REGIONAL- In a move that could have major implications for the expansion of broadband internet services in the North Country, prospective developer LTD Broadband has come under fire again from two …
REGIONAL- In a move that could have major implications for the expansion of broadband internet services in the North Country, prospective developer LTD Broadband has come under fire again from two Minnesota telecom trade groups who filed an action Friday that would strip the company’s ability to utilize $311 million in federal funding to build out services in underserved areas.
Minnesota Telecom Alliance and the Minnesota Rural Electric Association jointly filed a petition with the Minnesota Public Utilities Commission claiming that LTD does not have the capacity to deliver on its obligation to provide fiber optic broadband to more than 160,000 Minnesotans living in unserved areas. They want the MPUC to rescind its June 2021 designation of LTD as an “eligible telecommunications carrier” (ETC), and in so doing make LTD ineligible to receive the federal Rural Digital Opportunity Fund monies.
“LTD’s inability to deliver on its commitments will harm over 160,000 Minnesota residents who will ultimately never receive the broadband service LTD promised in its RDOF bid,” the groups asserted in their filing. “As a result, the ability of these residents to obtain access to quality broadband service will be delayed at least until LTD’s designation as an ETC is removed.”
LTD was a moderately-sized internet provider going into the 2020 FCC auction, with about 100 employees serving about 18,000 customers in six states, mostly in Minnesota.
But LTD walked away from that auction as the largest awardee in the nation, winning service area development bids worth $1.32 billion in federal funding to build broadband infrastructure for nearly 530,000 residents in 15 states.
That winning bid included nearly all of the federally eligible tracts in the North Country outside of already established broadband providers such as Midco and Frontier Communications. Because the Minnesota Border-to-Border Broadband Development initiative will not give state subsidies for development in FCC-designated tracts, LTD’s FCC funding gives them a virtual lock on otherwise unprofitable development in these areas.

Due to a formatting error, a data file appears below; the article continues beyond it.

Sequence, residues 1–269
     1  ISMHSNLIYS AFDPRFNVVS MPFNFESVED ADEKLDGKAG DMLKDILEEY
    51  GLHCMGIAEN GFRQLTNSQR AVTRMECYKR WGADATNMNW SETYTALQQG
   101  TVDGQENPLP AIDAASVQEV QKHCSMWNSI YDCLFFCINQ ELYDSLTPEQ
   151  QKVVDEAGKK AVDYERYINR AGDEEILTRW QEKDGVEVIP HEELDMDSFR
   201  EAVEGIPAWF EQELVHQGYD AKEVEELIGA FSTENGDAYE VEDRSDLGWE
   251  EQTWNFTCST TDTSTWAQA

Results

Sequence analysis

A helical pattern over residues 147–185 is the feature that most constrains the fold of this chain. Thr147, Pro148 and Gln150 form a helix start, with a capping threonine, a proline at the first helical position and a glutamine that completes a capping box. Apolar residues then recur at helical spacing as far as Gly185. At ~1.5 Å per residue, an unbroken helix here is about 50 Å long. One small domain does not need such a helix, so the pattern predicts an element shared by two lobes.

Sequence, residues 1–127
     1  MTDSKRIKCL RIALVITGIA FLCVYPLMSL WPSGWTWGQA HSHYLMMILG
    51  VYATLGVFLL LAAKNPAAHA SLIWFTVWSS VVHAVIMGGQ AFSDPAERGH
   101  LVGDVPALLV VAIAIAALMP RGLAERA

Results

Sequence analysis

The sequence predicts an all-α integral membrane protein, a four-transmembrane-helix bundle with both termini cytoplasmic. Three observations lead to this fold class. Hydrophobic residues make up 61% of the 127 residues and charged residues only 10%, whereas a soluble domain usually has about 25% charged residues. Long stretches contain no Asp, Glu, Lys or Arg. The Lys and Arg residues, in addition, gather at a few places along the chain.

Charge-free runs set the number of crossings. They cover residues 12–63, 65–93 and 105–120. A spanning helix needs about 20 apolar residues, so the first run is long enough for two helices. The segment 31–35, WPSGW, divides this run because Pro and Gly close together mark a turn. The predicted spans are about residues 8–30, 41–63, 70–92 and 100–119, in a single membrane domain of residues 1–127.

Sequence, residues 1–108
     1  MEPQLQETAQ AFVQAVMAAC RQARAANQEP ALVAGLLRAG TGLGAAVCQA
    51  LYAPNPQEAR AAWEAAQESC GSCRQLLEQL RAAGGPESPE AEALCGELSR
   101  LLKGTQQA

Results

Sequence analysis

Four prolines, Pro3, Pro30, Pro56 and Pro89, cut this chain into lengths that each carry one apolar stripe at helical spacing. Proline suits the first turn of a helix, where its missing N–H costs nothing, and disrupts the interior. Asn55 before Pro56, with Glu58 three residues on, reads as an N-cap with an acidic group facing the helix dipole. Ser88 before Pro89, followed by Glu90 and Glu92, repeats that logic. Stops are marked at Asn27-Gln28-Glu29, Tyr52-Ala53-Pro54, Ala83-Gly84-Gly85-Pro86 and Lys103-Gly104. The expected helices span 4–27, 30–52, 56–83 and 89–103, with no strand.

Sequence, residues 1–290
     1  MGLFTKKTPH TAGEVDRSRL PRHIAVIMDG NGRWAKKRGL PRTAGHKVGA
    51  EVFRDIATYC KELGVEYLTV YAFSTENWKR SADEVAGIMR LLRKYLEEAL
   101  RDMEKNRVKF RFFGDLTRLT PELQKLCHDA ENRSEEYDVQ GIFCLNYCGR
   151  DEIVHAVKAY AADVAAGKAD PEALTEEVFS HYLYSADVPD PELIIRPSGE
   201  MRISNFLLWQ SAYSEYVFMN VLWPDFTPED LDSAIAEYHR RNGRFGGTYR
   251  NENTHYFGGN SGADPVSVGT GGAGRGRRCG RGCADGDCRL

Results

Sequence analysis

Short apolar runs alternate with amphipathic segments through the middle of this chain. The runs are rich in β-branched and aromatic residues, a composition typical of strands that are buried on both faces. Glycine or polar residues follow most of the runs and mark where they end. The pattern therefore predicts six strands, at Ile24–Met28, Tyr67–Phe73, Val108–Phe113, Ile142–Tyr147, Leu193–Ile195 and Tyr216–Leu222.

Paul Bunyan Communications was forced to eliminate numerous potential service locations from its broadband project for Cook because they were in FCC tracts awarded to LTD, and PBC could not use its Border-to-Border grant to pay for extending its service to those areas.
Greenwood Township is an area awarded to LTD in the FCC auction and an example of how the award can affect future development. The township has the option to wait for LTD to build its broadband network there, and the FCC monies make it a viable economic venture for LTD. Township officials have been working with another company to explore possibilities for getting service faster than they might through LTD, but cost is a serious issue. Greenwood is like all of the other tracts in the FCC auction in that companies have found the expense of serving them to be cost prohibitive without government subsidies. LTD is the only company qualified to receive subsidies for a project in Greenwood right now.